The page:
The Bhuiya are a Hindu community found in the Indian states of Assam, Bihar, Madhya Pradesh, Orissa, Tamil Nadu, Uttar Pradesh and West Bengal. They are not only geographically disparate but also have many cultural variations and subgroups.
The Bhuiya name comes from the Sanskrit bhumi, meaning land. Most of the Bhuiya are agriculturalists and many believe that they are descended from Bhūmi, the Hindu goddess who represents Mother Earth. They are patrilineal exogamous groups with strong family ties.
There are significant economic variations in the Bhuiya community, with some in areas such as Ghatwar and Tikait being landowners but many others being reliant on working the land either independently or as paid labourers. Basket-making, livestock rearing, fishing, hunting and the sale of forest produce such as firewood, honey and resin also contribute to their livelihood, although the practise of food collection has probably mostly died out.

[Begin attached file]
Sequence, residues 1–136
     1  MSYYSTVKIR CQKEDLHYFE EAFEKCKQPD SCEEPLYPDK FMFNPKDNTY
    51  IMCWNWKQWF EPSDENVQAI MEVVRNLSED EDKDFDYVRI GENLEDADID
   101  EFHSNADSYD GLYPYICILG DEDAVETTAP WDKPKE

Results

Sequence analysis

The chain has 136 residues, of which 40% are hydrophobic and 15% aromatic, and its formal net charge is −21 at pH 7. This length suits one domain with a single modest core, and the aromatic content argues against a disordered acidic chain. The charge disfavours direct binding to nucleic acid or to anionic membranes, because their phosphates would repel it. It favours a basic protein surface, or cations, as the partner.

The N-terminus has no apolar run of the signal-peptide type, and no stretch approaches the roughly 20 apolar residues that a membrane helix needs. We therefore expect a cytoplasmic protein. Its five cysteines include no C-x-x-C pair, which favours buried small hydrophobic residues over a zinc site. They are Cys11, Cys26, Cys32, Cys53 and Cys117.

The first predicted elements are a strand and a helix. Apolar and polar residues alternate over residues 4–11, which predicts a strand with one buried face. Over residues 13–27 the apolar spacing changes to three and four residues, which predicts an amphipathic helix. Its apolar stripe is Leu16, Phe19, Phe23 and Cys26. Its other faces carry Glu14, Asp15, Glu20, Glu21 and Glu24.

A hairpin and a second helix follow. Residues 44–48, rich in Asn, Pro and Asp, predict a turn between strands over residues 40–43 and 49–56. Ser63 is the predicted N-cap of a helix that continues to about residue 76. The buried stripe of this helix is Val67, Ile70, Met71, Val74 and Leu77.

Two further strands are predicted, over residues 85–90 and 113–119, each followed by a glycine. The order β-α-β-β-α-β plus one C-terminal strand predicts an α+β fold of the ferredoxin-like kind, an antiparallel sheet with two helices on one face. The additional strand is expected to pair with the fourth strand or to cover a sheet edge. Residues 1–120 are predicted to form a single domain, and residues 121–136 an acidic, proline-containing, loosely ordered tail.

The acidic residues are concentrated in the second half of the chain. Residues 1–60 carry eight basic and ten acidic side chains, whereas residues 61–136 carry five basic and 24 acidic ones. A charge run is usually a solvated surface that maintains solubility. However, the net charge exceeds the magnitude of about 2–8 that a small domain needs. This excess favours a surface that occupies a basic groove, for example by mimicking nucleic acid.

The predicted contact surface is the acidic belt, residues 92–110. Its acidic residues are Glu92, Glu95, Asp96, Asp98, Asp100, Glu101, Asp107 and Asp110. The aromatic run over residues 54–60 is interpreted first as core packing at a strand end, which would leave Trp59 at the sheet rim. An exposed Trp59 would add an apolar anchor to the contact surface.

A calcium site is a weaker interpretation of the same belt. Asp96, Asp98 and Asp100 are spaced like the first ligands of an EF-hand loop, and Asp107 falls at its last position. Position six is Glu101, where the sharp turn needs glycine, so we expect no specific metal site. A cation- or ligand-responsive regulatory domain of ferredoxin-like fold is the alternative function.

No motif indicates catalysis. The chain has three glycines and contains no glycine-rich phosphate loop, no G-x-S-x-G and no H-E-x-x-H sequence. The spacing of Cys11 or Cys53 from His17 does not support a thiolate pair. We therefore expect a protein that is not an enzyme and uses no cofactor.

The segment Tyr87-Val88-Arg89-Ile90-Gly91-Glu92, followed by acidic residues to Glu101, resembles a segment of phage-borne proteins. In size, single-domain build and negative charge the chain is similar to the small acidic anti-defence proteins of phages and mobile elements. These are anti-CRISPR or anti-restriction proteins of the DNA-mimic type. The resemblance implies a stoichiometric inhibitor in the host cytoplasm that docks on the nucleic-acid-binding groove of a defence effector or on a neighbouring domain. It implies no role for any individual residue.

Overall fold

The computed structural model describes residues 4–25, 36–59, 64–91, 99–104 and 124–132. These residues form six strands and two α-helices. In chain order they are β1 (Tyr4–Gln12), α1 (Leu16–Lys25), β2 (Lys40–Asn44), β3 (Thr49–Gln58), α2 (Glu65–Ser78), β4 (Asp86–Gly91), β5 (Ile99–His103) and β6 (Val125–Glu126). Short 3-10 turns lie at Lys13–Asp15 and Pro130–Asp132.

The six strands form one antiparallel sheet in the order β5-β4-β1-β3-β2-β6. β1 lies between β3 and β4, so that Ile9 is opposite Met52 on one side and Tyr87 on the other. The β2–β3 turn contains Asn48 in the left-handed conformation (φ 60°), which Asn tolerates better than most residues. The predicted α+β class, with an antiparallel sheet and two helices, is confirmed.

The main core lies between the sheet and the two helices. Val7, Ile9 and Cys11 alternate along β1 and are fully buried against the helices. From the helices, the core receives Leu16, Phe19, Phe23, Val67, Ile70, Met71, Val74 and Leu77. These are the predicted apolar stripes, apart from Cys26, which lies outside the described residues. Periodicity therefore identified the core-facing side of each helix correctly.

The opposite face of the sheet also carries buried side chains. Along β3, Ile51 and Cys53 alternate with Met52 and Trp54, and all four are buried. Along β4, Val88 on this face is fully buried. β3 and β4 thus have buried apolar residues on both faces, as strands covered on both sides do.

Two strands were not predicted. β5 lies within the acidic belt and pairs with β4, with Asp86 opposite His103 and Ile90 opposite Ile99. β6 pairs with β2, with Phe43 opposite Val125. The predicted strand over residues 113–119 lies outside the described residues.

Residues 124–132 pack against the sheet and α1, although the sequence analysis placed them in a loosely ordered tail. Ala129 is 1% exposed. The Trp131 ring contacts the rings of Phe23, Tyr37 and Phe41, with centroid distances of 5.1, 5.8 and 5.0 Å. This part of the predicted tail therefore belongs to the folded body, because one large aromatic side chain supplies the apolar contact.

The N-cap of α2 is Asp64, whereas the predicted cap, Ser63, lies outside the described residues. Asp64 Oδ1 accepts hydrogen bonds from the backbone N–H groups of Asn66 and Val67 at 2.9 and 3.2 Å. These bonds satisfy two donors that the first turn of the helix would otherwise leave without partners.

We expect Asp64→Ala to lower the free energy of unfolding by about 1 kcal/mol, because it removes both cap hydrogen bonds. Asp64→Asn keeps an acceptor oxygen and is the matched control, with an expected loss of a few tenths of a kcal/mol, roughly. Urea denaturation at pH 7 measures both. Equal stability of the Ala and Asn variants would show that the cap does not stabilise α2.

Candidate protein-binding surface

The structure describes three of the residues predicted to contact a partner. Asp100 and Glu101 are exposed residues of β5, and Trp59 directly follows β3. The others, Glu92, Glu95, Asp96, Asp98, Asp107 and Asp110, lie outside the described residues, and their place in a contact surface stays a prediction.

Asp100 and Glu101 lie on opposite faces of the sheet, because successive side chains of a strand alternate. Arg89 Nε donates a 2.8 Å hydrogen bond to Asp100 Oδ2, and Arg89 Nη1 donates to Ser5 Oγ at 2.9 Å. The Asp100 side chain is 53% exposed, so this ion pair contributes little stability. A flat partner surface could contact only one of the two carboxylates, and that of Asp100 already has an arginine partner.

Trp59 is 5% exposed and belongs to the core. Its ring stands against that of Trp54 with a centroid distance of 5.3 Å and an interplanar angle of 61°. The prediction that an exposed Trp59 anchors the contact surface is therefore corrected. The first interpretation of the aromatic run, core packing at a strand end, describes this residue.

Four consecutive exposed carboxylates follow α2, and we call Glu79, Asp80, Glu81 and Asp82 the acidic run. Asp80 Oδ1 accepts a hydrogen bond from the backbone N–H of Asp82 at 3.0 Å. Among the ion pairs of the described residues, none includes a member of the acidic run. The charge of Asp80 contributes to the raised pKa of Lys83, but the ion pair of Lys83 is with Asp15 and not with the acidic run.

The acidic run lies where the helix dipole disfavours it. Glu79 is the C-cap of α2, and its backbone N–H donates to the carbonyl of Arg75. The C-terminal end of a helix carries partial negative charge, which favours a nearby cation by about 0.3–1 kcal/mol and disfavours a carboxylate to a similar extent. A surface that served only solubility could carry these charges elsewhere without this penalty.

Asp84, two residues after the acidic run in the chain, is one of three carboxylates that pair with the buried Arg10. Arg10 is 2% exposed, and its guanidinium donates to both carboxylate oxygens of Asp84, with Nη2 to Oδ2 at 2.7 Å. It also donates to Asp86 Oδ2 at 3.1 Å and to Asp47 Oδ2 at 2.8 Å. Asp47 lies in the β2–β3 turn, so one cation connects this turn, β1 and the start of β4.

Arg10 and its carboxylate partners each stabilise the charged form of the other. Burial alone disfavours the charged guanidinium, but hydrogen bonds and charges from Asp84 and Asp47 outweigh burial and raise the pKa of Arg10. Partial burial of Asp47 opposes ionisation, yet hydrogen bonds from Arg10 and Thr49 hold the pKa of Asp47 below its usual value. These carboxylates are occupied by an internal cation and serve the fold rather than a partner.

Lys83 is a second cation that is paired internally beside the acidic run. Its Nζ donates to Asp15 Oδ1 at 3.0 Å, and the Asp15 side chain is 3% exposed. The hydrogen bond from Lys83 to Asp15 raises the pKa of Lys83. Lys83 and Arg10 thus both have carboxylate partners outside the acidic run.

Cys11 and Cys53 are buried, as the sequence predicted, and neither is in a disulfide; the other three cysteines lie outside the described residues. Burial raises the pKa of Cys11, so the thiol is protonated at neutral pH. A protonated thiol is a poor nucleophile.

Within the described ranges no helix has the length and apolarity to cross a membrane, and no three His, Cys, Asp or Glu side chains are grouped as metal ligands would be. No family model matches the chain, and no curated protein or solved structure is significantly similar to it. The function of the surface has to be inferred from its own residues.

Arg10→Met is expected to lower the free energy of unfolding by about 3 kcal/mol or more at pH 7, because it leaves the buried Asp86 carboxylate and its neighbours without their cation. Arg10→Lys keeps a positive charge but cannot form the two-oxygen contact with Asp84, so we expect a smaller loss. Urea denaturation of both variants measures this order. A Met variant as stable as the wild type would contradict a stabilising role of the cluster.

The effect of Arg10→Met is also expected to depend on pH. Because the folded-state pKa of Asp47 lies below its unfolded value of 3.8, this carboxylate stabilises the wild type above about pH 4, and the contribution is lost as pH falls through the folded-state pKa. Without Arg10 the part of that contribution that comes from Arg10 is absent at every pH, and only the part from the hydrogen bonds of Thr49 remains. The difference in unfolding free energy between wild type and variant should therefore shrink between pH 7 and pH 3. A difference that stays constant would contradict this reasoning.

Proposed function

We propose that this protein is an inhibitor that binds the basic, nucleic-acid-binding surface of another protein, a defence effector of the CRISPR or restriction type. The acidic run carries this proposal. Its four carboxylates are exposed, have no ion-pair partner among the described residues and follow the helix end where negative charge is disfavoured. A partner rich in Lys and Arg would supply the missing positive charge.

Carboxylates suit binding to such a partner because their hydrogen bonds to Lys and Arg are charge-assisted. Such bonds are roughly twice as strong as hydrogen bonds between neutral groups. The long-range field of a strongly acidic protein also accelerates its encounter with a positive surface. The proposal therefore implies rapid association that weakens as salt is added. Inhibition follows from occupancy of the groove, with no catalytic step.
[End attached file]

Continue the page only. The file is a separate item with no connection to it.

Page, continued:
The Government of Uttar Pradesh had classified the Bhuiya as a Scheduled Caste but by 2007, they were one of several groups that it redesignated as Scheduled Tribes. As of 2017, this tribal designation applies only for Sonbhadra district.
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- "State wise Scheduled Tribes — Uttar Pradesh" (PDF). Ministry of Tribal Affairs, Government of India. Archived from the original (PDF) on 2016-11-23. Retrieved 2017-02-04.
- "A-10 Individual Scheduled Caste Primary Census Abstract Data and its Appendix - Uttar Pradesh". Registrar General & Census Commissioner, India. Retrieved 2017-02-04.
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